British ships to foreign trade now that
tho greatest danger from tho Germans
is passed, what, they ask, Is going to
happen after tho war? What will be
come of our foreign trade then, when
America has the Immense supply of
shipping she Is now building set free
from carrying troops and war ma
terial, to enter Into competition with us
for foreign trade?
Important to Iloth Natlona
This would be a question for an In-ter-Allled
executive to deal with. It Is
a question of ltal importance to the
successful prosecution of the war and
to the British Kmplre and the United
The United States
lent to her for carrying her men over,
but It has been officially Intimated that
she wants and expects to have 1,000,000
tons more of them In order to get her
eighty divisions neros the water.
England's shipping Is pressing for the
return of some of tho shipping now lent
on the plea that tho future of the em
pire Is Imperiled. An International ex
ecutive might solve the whole difficulty
by saying, "Kngland, you lond the ships
now feu the duration of tho war and
America you lend to Kngland ships
for a certain period after the war, so
that she shall not sacrifice her commer
cial future by the step we are compell
ing her now to take.'1
Some such way out of the present
dispute Is sure to be found, for It Is
understood that this country is willing
to guaranteo Kngland's foreign trade
for a certain number of years alter the
war from any raiding by American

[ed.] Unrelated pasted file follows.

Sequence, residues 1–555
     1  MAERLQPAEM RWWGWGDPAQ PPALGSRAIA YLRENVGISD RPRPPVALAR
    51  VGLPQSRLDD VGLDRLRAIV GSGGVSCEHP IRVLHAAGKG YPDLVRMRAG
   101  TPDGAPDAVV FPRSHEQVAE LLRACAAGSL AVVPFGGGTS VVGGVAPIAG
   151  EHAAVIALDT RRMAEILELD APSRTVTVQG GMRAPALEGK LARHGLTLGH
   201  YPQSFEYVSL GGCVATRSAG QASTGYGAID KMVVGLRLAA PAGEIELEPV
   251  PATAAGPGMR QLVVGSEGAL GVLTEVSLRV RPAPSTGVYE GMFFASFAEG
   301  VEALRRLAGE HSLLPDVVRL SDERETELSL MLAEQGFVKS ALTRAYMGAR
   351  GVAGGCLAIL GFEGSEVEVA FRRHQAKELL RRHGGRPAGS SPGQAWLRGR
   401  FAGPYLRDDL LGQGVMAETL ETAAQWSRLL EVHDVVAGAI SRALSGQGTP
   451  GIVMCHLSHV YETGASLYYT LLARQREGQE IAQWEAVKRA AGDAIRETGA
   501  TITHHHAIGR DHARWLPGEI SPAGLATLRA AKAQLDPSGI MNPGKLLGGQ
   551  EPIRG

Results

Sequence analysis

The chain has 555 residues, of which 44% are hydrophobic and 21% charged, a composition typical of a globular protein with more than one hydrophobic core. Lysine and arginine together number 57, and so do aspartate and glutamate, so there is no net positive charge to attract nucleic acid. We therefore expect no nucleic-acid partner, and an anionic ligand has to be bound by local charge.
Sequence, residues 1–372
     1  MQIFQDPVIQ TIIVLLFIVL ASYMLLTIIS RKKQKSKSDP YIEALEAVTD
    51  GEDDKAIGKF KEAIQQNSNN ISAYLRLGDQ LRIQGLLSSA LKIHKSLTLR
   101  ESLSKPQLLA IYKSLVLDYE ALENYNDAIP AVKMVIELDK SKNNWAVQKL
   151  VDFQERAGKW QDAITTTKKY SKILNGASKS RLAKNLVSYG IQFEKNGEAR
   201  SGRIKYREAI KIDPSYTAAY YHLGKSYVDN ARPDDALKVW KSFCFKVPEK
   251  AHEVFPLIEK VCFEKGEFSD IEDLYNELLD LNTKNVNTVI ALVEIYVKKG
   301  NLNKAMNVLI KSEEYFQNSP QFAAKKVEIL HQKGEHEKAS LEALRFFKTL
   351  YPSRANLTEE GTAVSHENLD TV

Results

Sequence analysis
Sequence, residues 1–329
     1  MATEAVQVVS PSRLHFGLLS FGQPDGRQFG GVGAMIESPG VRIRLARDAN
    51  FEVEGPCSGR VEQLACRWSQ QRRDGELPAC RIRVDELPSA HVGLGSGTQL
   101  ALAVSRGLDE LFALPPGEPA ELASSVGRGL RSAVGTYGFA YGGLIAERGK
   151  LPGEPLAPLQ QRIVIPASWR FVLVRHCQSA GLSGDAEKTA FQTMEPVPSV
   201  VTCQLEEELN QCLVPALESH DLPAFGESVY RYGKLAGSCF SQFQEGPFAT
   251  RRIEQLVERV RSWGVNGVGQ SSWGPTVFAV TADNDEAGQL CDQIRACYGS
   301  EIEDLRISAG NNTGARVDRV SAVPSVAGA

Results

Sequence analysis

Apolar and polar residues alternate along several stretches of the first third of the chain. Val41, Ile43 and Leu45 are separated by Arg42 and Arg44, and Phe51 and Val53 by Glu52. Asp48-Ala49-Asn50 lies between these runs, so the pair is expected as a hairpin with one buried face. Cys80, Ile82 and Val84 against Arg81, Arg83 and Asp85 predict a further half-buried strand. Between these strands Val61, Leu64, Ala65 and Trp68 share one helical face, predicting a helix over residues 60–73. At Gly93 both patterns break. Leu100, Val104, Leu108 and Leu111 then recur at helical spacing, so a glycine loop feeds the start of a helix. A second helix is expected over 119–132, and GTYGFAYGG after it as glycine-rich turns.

But does the thing stop there?
From this illustration It Is apparent
that nn International executive In order
to act with authority during the war.
must also have authority for a number
ot years after the war.
ONLY TWO MINES IDLE
Men at These Are Expected Back
By the Associated Press
PottiTllle, Tn., Efept. 19. With the
exception of the Blackwood colliery, of
the Lehigh Valley Coal Company, and
the Buck Run, an Individual colliery,
all the mines In the anthracite region
were working this morning. It Is ex
pected that the men will return to work
ex these two collieries tomorrow morn
ing The Blackwood had been working
steadily throughout tho week until this
Five U. S. Planes Fall to Return
Washington, Sept. 19. Five American
planes are missing as a result, of an
attack by a, superior German force dur
ing a bombing expedition in, Lorraine,
General Pershing reported tn.hls com
munique, received last night by the war
Rbnro.t. , l - -
Entered as Second-Clan Matter at the Poetofflre at Philadelphia. Pa.
Under the Act cl March 8, 1879.
Retrograde Movement Under
Way on Both the Northern
and Southern Fronts
London, Sept. 19.
Bolshevik forces nre retreating on
both the northern nnd southern fronts.
nccordlng to n Stockholm dispatch to the
Dally Mall. The Dispatch says that a
telegram had been recelxed In Stock
holm from Moscow stntlng that the;
Czecho-S-Iovaks still hold the city of1
Samara which the Bolshcvlkl recently
claimed to hae retaken.
A dispatch from Vladivostok an
nounces tho t'zecho-Slovak forces have
Tho same dispatch says the Go em
inent of Samara has been transferred to
Ufa. In the government of the same
name, 280 miles northeast and much
nearer the Siberian border.
Possible Retirement as Re
sult of Breakdown, Hint
ed in London Rumor
MAY BE GREAT RETREAT
Special Cable to Evening Public Ledger
Conrloht, 191S. hv Xrw York Times Co.
The llnRiie, Sept 19 The grand
committee of tho Reichstag has been
summoned for a meeting on Sept. 24.
Special Cable to Evening Public Ledger
Copyright. 1918, hu .Vnr Vorl: Tfmes Co.
London, Sept 19.
The view that the Austrian new peace
note was Issued under urgent pressure
of conditions within the Central Em
pires Is supported by all Information
that leaks acro.ss the frontiers. Re
sponsible opinion In this country has
always protested against any undue
hopes being founded on the economic
stress in Germany and Austria, and the
British public has been urged to re